November 27, 2012 in Games (E)
[prMac.com] Biella, Italy - Indie developer Ferraioli Antonio today is pleased to announce "40" v.1.5 free for iPad, an update to his top-rated app where players challenge 1, 2, or 3 virtual players to an exciting game of "40," the Italian card game derived from rummy. Each player receives 13 cards at the start, and the game uses 2 decks, a full red deck and a full blue deck of 52 cards plus 2 jokers each. "40" is a single-player game, with all additional hands played by the iPad, which can be set for Weak, Medium, or Strong gameplay. The game features animated deals, discards, draws, and plays with accurate accompanying sound effects.
Feature Highlights (some available only in fully enabled version):
* Retina-display compatible
* Two game modes available (Single Game and Score Mode)
* Configurable player strengths
* Configurable players count
* Configurable discarded cards usage variants
* Configurable score assignment variants
* Possible reenter with penalty for eliminated players (when in Score Mode)
* Configurable jokers usage
* Brief tutorial to learn the basic rules in three minutes
* Detailed help with all available rules and references to possible variants
* Resumable games
* Game Center Leaderboards
* Game Center Challenges
The object of the game is to be the first of all players to be left with no cards in their hand. South plays first, followed by West, North, and East. Players eliminate cards from their hand by building melds, which are displayed face-up in front of the player. A meld can be either a set or a run. In "40" a set is called a combination, and it consists of 3 or 4 cards of the same value, but different suits. A run is called a sequence, and it consists of 3 to 14 cards of the same suit in numerical order (A-2-3 and Q-K-A are both legal). The game takes its name from the minimum score required for gamers to play their first combination and/or sequence, which is 40 points.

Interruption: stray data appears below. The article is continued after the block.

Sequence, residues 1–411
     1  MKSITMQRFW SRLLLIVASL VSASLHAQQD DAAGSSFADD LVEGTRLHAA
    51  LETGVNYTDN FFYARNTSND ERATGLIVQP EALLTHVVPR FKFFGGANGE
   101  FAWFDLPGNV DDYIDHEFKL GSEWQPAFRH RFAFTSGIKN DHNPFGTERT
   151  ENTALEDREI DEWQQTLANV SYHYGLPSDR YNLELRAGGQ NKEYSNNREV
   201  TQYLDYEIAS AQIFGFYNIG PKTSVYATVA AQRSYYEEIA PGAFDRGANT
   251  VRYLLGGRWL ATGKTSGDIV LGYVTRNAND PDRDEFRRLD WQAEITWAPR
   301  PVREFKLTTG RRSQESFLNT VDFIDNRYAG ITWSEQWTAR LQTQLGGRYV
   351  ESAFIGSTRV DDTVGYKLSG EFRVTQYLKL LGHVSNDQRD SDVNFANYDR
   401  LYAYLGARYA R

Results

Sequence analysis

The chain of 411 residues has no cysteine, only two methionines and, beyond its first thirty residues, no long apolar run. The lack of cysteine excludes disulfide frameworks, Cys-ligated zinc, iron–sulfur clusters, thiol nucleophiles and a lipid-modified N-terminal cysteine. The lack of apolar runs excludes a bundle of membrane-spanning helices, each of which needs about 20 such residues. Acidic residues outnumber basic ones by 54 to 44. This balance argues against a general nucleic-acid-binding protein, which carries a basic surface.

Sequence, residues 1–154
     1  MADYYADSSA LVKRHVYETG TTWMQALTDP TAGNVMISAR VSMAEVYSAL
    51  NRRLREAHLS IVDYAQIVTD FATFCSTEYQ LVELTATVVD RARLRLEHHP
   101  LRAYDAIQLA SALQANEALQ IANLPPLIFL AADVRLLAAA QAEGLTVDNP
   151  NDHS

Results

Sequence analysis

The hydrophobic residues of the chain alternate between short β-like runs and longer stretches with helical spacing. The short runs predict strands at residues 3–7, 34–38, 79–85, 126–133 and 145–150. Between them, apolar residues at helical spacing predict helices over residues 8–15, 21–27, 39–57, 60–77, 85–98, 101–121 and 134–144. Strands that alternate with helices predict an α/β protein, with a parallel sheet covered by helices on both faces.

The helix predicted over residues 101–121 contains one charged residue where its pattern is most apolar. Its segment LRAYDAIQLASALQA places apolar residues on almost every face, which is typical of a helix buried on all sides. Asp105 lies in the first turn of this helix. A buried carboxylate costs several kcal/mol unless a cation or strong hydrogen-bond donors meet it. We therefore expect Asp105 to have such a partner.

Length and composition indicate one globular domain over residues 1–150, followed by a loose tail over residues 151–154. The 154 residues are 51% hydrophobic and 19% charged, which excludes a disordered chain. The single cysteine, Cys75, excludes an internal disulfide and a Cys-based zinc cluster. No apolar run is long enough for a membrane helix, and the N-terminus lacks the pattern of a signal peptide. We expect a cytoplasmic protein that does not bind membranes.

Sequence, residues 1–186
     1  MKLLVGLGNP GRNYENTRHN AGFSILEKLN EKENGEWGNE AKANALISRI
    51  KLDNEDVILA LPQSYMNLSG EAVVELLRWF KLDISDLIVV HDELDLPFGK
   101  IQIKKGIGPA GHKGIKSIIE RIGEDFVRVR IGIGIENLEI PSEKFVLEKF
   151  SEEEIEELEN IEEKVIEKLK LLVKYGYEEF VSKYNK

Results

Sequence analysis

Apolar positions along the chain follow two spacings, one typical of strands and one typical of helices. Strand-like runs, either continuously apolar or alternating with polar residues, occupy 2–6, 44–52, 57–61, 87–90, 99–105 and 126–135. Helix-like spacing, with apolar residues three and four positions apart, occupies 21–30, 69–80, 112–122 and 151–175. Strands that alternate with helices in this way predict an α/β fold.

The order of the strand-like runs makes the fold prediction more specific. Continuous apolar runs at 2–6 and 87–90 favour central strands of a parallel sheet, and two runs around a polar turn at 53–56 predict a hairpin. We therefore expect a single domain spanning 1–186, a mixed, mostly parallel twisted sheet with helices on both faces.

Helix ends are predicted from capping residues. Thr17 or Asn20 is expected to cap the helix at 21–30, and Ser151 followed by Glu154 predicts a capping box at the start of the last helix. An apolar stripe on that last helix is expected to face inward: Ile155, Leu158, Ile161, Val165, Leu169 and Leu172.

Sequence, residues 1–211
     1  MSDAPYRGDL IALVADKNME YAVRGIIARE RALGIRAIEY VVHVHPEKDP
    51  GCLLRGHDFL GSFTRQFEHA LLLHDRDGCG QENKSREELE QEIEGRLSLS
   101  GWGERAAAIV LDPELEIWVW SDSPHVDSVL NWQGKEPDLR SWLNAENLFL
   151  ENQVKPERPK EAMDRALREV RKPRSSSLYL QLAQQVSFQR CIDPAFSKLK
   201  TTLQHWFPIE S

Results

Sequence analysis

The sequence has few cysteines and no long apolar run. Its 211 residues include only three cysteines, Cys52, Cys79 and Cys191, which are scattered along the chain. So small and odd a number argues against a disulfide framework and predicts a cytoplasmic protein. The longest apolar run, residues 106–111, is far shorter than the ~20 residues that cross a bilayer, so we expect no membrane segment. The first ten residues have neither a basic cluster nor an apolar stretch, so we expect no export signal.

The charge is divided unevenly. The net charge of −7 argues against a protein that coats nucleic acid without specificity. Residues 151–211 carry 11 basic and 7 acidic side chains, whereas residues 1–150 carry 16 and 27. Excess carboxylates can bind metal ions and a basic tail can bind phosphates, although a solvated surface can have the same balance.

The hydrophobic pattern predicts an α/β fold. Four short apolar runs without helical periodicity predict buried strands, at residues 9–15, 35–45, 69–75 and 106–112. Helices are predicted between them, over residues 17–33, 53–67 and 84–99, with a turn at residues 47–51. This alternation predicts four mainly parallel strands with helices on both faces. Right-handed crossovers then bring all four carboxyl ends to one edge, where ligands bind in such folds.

Depending on the Game Mode, one or more matches will be played. During a match, players take turns, playing one-at-a-time moving clockwise. A player's turn begins by drawing a card from either the deck or the waste heap. If a player has yet to open, he or she must draw a card from the deck. If a player has opened with one or more melds, he or she can choose a card from the deck, or the face-up card on the discard pile.
During their turn, players can:
* Show/play a sequence of 3 or more cards
* Show/play a combination of 3 or 4 cards
* Attach/lay off one or more cards to any of the sequences and combinations on the table (if already opened)
* Take jokers from existing sequences and combinations by replacing the joker with the card for which it is a substitute (the taken joker must be played immediately)
* End their turn by throwing out a card to the discard pile (if their last card, they win)
"'40' has been in the Top 10 Card Games in the Italian App Store since its release on June 28, 2012," commented developer Ferraioli Antonio. "Now, it's time for the rest of the world to discover the many hours of pleasurable gameplay that can be had playing '40.'"
* English, French, and Italian
* Compatible with iPad
* Requires iOS 5.0 or later
* 20.3 MB
Pricing and Availability:
"40" v1.5 is free and available worldwide exclusively through the App Store in the Games category. The free Basic version lets you play single games against automatic players, and the Full version lets you play longer games based on exit score and configure many game variants. The Full version is available as an in-app purchase for $3.99 (USD).
Based in Biella, Italy, indie developer Ferraioli Antonio has been developing Mac and iOS applications for Italian customers since 2004. Ferraioli had discreet success with OnSync, a mobile phone synchronizer for Mac OS X and is showing some great results in Italy with the new iPad app, "40." Copyright (C) 2004-2012 Ferraioli Antonio. All Rights Reserved. Apple, the Apple logo, iPhone, iPod, and iPad are registered trademarks of Apple Inc. in the U.S. and/or other countries. Other trademarks and registered trademarks may be the property of their respective owners.